War of the Gargantuas
Frankenstein Conquers the World
Godzilla vs. Gigan
I often complain about the classic Japanese giant monster films having too little action. Most of these movies give us stock characters (at best) and cool monsters, but then they neglect the monsters, forcing us to watch the characters for far too long. War of the Gargantuas half-way ameliorates this problem, but it still doesn’t quite work. This one has stock characters and cool monsters, and it gives us frequent giant monster action from beginning to end, but all of the action is boring. The movie takes a shot at providing a good story, too, but the characters that it depends on are far too flat to care about. This is an above average-entry in the Japanese tradition of giant monster flicks, but above-average is not good enough.
War of the Gargantuas begins with an awesome giant octopus attacking a boat, but then something even stranger happens. A gigantic humanoid monster comes, scares off the octopus, and takes the boat for himself. A survivor claims the monster was “Frankenstein” (occasionally referred to as “Gargantua”), a giant creature created in a lab for research purposes and later freed into the mountains. Of course, the thing that doesn’t make sense is the fact that the monster appeared from the ocean. Also, Frankenstein (why did they have to name him that?) was a friendly monster who wouldn’t want to attack anybody. Later, the real Frankenstein (who the military names “Sanda”) clears his name by showing up to put a stop to this new guy’s (“Gailah”) bouts of destruction. When the scientists who created him realize this, they do everything they can to save him from the military, whose answer is to kill everything.
The monsters are the best thing about this movie. Save for the brief opening appearance by the giant octopus, the two Gargantuas are the film’s only monsters, and they are refreshingly unique. The Gargantuas look like enormous versions of humans taken three steps down the ladder of evolution. These guys are ugly; they’re hairy and flat-headed, and they have pulled-back lips like permanently angry gorillas. At one point a boat of fishermen look down into the water to see the Frankenstein standing on the ocean floor and looking up at them. The sight is truly frightening, much more so than even Godzilla could have been, partly because this monster’s face is just so hideous. The Garganutas are a nice change of pace from the giant lizard template, ever-loved as it may be.
It’s too bad director Ishirô Honda didn’t give these monsters anything more interesting to do. There is one good attack scene in which the military mercilessly attacks Gailah with maser cannons, burning him to a smoking, blackened crisp (though he doesn't die). The scene is notable both in that it is one of the few semi-successful military assaults against a giant monster in Japanese cinema of this period, and, more pertinently, it simply looks so painful. However, the rest of the monster’s raids are monotonous. He shows up, destroys some stuff, eats a person or two, and retreats into the ocean. He repeats this until Sanda starts popping up to fight him off, at which point a new pattern emerges: Galiah shows up and destroys some stuff, Sanda shows up, the two fight for a minute, Gailah retreats into the ocean, and Sanda goes back to the mountains. And many of the monsters' fights take place away from the city, making them that much less fun to watch. In the meantime, the military tries to figure out what to do. This goes on for pretty much the whole movie.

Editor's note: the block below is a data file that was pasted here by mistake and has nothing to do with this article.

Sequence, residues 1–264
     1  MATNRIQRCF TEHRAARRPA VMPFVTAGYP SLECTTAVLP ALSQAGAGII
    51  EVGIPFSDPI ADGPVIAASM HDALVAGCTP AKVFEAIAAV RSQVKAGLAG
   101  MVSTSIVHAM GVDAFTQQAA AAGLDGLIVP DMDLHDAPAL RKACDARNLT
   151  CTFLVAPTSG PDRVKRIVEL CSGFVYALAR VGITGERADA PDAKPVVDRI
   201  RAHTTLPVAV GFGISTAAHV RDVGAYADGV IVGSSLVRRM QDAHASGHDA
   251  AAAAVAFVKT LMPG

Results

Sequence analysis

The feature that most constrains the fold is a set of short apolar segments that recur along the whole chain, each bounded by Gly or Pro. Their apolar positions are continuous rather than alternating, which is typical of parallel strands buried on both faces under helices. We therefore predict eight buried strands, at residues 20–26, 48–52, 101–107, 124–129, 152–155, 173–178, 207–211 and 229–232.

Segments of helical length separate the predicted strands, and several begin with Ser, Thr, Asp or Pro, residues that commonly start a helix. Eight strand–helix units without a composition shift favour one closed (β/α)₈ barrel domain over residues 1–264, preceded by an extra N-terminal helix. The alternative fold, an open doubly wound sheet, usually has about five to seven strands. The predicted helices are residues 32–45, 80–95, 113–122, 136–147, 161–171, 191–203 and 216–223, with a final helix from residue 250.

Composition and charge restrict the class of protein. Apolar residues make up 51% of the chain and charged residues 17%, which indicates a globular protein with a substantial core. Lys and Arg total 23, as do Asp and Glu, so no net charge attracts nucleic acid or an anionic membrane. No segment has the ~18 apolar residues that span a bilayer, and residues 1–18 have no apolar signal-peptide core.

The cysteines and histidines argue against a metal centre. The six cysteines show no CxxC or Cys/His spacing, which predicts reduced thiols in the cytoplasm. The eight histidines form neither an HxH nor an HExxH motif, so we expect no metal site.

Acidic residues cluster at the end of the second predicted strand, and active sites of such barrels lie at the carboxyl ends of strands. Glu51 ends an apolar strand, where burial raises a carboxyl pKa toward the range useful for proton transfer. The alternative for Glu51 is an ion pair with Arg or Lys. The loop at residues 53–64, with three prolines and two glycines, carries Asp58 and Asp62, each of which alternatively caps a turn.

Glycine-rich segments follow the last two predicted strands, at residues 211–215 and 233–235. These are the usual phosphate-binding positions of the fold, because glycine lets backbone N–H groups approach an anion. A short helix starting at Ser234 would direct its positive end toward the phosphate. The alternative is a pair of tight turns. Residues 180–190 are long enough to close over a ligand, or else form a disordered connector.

This wouldn’t be so bad if there was more of a human element in the film, but this is an area of the giant monster subgenre that War of the Gargantuas does not improve upon. There are two main characters: Dr. Stewart, Sanda’s creator, and Akemi, Dr. Stewart’s assistant. Their involvement in the first half of the movie consists of trying to figure out how their Frankenstein now lives underwater (before they realize this is a new Gargantua), and their role in the second half consists of trying to convince the military that Sanda is a good guy. Throughout all of this, neither character expresses any emotion beyond minor disappointment. It is impossible to feel for them because they hardly seem to feel anything themselves.
Speaking of disappointment, this movie ends so abruptly it may give you whiplash. Akemi is in the hospital recovering from some wounds, and Dr. Stewart is monitoring the Gailah/Sanda/military situation. A final battle occurs, of course, and the second it’s over, so is the movie. No word on how well Akemi is recovering, and no hint of Akemi or Dr. Stewart’s feelings about how the battle ended. I guess this makes it a good thing that the characters were never developed because in that case we would really be angry that we don’t get to see their responses to the outcome.
Maybe I’m more picky than most, but I expect more out of my giant monster movies. I’m not so naïve as to demand a good story from them, but if that can’t be delivered, I at least need the attacks and the fight scenes to be fun. War of the Gargantuas has some good things going for it, like its original monsters and frequent monster raids, but it fails to transcend the subgenre’s general inability to create either excitement or tension (much less both). There are a couple of pretty good scenes, but for me, that’s still not good enough. Sorry, 1960s Japanese monster movies. Try again.